Trans­fer the ham to a serv­ing plat­ter, tent with foil, rest 15 min­utes, and then slice and ar­range on a serv­ing plat­ter. Warm re­main­ing root beer glaze and driz­zle over ham. Al­low your guests to make their own bun­wiches, pil­ing the meat into the buns and ac­cent­ing it with the Di­jon honey mayo, let­tuce and pick­led cab­bage.

Note: The chili sauce used in this recipe is the sweet and tangy kind made by com­pa­nies such as Heinz. You’ll find it in the aisle ketchup is sold.

Overnight Pick­led

Red Cab­bage

This crisp, sweet and sour cab­bage needs an overnight soak in the re­frig­er­a­tor to de­velop its flavour. It pairs nicely with the salty, smoky taste of the ham.

Prepa­ra­tion time: 10 min­utes, plus soak­ing time Cook­ing time: A few min­utes Makes: About 12 to 16 condi­ment-sized serv­ings 6 cups (1.5 l) thinly shred­ded red cab­bage (about 1/2 small to medium head) 1 cup (250 mL) cider vine­gar 1/2 cup (125 mL) ap­ple juice 1/2 cup (125 mL) packed golden brown su­gar 3 tbsp (45 mL) whole grain Di­jon mus­tard 1 tbsp (15 mL) salt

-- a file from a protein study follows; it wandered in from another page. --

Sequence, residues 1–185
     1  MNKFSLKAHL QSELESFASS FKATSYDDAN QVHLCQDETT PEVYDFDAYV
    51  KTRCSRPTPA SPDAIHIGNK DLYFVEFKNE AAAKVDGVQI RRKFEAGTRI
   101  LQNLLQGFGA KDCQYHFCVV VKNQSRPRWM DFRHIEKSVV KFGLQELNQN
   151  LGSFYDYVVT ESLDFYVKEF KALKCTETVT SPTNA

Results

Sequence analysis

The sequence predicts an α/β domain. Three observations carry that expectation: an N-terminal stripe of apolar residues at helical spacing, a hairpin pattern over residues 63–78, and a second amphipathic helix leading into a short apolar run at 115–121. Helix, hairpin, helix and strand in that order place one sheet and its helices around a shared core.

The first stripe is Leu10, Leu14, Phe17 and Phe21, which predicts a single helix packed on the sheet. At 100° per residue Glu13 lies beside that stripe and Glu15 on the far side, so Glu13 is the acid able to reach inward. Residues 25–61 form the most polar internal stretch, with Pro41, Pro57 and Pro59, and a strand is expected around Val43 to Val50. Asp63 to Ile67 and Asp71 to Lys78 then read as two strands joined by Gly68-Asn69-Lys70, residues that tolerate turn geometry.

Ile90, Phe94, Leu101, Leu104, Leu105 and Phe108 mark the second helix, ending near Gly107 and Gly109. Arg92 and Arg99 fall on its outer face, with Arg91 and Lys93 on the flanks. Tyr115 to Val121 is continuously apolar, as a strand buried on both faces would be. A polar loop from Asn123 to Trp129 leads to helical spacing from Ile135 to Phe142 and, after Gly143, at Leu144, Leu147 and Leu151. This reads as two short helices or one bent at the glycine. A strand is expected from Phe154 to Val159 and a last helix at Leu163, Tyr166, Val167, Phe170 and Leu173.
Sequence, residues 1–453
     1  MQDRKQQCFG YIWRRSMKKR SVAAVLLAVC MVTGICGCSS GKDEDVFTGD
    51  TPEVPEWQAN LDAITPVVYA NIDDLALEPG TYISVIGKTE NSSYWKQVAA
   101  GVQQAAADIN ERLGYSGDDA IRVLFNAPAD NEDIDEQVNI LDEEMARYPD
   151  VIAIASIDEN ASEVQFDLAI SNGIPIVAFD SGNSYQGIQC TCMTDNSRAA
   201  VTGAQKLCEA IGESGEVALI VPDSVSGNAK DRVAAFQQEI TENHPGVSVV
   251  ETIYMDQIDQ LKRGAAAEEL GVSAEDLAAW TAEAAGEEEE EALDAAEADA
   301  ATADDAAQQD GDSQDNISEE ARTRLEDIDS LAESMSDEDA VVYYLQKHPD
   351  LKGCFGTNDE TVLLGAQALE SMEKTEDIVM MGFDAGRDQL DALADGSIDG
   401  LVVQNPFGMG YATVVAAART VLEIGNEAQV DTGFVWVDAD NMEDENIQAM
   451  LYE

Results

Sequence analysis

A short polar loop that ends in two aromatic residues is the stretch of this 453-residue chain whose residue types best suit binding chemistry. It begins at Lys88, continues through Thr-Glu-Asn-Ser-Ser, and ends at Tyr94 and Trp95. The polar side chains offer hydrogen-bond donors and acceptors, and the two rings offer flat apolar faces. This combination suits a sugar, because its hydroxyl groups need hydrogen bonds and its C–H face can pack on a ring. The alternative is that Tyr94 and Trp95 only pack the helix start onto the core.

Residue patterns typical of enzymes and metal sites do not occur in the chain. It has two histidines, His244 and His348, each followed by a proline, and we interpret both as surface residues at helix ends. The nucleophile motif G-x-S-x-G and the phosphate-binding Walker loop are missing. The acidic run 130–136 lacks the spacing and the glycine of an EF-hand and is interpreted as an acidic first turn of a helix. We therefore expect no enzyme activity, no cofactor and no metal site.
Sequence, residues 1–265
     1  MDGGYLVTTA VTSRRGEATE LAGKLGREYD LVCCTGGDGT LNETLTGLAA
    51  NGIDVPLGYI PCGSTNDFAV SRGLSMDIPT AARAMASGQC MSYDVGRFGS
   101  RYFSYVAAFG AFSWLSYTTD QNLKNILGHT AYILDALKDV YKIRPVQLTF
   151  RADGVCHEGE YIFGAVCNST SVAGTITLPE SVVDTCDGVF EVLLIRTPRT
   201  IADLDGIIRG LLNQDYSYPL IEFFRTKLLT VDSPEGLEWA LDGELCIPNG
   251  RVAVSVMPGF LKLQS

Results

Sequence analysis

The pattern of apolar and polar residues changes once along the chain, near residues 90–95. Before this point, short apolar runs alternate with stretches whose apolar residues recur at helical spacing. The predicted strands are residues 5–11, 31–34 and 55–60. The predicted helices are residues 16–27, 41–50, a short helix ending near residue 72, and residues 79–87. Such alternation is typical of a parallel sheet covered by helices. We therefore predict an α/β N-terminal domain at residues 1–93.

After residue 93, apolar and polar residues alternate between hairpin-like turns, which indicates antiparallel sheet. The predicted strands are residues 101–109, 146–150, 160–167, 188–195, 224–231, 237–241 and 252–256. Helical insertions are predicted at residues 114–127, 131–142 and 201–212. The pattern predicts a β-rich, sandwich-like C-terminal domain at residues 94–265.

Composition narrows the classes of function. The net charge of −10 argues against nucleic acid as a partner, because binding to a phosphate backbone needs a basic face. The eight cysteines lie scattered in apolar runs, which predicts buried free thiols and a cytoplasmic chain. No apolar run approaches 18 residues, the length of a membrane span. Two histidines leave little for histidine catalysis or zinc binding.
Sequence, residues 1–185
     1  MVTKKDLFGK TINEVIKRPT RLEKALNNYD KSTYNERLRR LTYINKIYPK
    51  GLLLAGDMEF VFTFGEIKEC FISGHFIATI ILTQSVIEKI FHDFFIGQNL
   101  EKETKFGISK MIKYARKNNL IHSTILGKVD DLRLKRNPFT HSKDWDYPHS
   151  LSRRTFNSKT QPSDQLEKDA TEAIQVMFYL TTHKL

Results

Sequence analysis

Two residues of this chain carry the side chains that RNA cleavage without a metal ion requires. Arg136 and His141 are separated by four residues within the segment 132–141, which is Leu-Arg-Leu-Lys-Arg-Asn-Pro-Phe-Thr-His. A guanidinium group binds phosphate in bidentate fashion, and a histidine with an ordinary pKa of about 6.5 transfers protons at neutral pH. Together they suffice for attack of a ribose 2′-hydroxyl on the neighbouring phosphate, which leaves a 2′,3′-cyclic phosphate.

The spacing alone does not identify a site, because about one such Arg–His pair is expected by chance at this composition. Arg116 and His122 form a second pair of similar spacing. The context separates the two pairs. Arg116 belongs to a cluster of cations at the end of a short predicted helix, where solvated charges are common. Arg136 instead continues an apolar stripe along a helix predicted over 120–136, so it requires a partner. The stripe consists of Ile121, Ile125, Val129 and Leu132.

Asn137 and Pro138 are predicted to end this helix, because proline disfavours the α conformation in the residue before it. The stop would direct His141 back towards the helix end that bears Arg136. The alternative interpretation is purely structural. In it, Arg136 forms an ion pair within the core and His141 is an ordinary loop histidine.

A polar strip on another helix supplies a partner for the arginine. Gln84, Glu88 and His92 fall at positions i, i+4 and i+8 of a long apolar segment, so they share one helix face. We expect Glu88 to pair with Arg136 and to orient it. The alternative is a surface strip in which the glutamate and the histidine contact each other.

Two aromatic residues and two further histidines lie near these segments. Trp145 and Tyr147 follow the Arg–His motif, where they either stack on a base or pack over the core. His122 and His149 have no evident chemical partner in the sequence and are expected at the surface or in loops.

1/2 tsp (2.5 mL) dried thyme

Pack cab­bage in a tall jar or nar­row, tall bowl. Place the vine­gar, ap­ple juice, su­gar, mus­tard, salt and thyme in a small pot and bring to a boil. Boil 1 minute, or un­til su­gar is dis­solved. Pour mix­ture over cab­bage. Push on cab­bage with the tip of spoon to en­sure the vine­gar mix­ture sub­merges it. Cool cab­bage to room tem­per­a­ture. Cover, re­frig­er­ate and let cab­bage soak in the brine overnight. En­joy the next day with the ham.

Di­jon Honey Mayo

Here’s an easy-to-make, flavoured may­on­naise that goes great with the ham. Prepa­ra­tion time: 5 min­utes Cook­ing time: None Makes: About 1 1/4 cups (310 mL) 1 cup (125 mL) may­on­naise 2 tbsp (30 mL) Di­jon mus­tard 2 tbsp (30 mL) honey

1 small gar­lic clove, minced 1/2 tsp (2.5 mL) pa­prika